The National Restaurant Association praised Representatives Renacci (OH-16), Schrader (OR-5), Jenkins (KS-02) and Costa (CA-16) on the introduction of the “STARS Act of 2014.” The bipartisan legislation will align the definitions of seasonal employment in the Affordable Care Act and streamline the applicable large employer determination process.
“We thank Representatives Renacci, Schrader, Jenkins and Costa for introducing bipartisan legislation to address a major pitfall in the ACA which could have detrimental impact to restaurants nationwide,” said Scott DeFife, Executive Vice President of Policy and Government Affairs for the National Restaurant Association. “Under the current health care law, the definition of seasonal employee versus seasonal worker is inconsistent, complicating the already confusing compliance process especially for smaller restaurant owners and operators. The restaurant industry is an industry of small business with a variable hour and often seasonal workforce. Although well versed in the law, many smaller employers do not understand the difference between the two seasonal definitions included in ACA and the circumstances under which each must be used during the determination process. This leads to significant confusion and could potentially cause great financial burden to employers who believe they are small but in fact are large employers under the law.”
Under the current health care law there are two definitions of seasonal employment– Seasonal Worker and Seasonal Employee. The seasonal worker definition is used when determining if an employer is an “applicable large employer” and subject to the Employer Shared Responsibility and Employer Reporting Requirement. The seasonal employee definition is used by an applicable large employer with the Look-back Measurement Method to determine which employees must be offered coverage.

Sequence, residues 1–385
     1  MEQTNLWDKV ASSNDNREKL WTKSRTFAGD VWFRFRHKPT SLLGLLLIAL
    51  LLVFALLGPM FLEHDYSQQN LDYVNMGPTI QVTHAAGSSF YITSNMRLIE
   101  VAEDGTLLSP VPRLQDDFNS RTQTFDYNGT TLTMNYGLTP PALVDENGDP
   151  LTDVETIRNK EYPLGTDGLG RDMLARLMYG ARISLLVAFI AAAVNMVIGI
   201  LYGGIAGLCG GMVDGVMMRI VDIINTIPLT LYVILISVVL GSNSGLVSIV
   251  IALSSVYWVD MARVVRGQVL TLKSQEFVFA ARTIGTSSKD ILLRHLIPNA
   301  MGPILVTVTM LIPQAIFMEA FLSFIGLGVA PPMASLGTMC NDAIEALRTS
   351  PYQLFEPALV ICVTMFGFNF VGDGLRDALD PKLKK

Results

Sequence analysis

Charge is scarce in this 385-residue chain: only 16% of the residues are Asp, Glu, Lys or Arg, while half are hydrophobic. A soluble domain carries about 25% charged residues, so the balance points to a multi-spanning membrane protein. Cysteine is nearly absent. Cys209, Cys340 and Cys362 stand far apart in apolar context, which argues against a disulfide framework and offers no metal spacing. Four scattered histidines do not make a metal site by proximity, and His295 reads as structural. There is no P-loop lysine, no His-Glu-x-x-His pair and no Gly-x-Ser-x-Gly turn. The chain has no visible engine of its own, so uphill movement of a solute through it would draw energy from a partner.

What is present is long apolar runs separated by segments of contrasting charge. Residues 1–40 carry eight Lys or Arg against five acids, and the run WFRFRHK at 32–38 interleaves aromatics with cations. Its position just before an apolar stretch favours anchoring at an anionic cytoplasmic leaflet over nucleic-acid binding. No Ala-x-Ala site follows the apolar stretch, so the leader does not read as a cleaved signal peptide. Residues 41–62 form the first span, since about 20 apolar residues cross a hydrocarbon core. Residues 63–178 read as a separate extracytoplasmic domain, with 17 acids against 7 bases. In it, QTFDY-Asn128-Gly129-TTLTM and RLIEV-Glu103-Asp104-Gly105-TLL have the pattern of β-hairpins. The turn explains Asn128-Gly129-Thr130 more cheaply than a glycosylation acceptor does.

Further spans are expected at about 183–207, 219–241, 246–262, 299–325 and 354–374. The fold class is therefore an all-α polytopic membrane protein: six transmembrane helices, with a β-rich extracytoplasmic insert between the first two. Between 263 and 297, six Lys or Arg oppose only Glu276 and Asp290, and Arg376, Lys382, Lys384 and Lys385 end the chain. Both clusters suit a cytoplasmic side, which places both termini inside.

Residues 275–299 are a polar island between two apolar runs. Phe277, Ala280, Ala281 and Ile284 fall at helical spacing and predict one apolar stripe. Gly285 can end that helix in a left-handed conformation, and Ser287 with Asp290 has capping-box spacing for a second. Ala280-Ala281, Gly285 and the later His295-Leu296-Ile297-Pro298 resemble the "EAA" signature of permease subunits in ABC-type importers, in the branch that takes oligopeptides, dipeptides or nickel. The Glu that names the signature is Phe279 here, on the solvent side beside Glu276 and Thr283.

These conflicting definitions complicate the “applicable large employer” (ALE) determination process. As part of ALE determination, employers must determine all employees’ hours of service, including seasonal workers, each calendar month. They then must calculate the number of full-time equivalent employees per month, and average each month over a full calendar year to determine the employer’s status for the following calendar year. If the employer averaged 50 or more full-time equivalent employees for 120 days or less and the workers that pushed them over 50 were seasonal workers, then the Seasonal Worker Exception applies and the employer can be considered a small employer. The STARS Act technical correction will provide clarification and much needed relief for restaurateurs.
The NRA along with 51 state restaurant associations and other business groups, sent a letter of support for passage of the STARS Act. In the letter the groups write:
“While the regulatory definition of seasonal employee is clear at 6 months, the statute itself still contains the second seasonal worker definition, which leaves more room for interpretation and continues to confuse small employers as they work to comply with the law…By passing STARS, Congress can ensure that small seasonal employers with limited HR capabilities have the tools and understanding necessary to comply with the ACA and to continue to grow their businesses.”
The full text of the letter can be found here.
Founded in 1919, the National Restaurant Association is the leading business association for the restaurant industry, which comprises 990,000 restaurant and foodservice outlets and a workforce of more than 13.5 million employees. We represent the industry in Washington, D.C., and advocate on its behalf. We operate the industry's largest trade show (NRA Show May 16-19, 2015, in Chicago); leading food safety training and certification program (ServSafe); unique career-building high school program (the NRAEF's ProStart); as well as the Kids LiveWell program promoting healthful kids' menu options. For more information, visit Restaurant.org and find us on Twitter @WeRRestaurants, Facebook and YouTube.
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